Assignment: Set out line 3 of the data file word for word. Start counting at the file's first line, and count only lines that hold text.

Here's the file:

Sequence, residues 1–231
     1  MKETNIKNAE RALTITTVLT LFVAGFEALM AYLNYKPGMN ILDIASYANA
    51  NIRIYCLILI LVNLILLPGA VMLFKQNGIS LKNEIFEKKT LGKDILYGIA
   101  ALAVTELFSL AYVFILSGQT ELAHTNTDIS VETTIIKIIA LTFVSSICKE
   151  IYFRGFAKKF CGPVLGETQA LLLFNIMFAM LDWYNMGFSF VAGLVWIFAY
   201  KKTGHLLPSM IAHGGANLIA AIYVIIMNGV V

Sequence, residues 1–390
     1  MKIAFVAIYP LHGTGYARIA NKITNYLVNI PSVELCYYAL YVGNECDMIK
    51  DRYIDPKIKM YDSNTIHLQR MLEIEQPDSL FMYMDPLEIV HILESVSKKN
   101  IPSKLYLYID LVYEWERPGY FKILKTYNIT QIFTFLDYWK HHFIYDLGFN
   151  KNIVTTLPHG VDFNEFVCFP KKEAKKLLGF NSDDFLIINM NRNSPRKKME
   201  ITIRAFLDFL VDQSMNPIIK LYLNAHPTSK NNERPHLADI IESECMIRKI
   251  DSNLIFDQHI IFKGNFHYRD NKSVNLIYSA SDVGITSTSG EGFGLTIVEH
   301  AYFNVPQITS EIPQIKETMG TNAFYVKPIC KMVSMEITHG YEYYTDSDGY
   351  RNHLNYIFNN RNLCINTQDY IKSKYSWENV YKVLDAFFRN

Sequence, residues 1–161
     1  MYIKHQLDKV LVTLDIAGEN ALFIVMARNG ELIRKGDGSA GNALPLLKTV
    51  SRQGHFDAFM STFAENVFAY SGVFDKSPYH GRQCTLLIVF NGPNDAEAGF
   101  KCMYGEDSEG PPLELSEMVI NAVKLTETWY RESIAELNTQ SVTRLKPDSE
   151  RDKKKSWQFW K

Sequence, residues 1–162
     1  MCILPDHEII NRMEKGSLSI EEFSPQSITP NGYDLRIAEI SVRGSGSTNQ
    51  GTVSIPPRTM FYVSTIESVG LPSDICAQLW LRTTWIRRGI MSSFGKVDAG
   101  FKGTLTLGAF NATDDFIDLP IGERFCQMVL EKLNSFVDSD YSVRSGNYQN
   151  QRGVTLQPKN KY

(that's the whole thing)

    51  NIRIYCLILI LVNLILLPGA VMLFKQNGIS LKNEIFEKKT LGKDILYGIA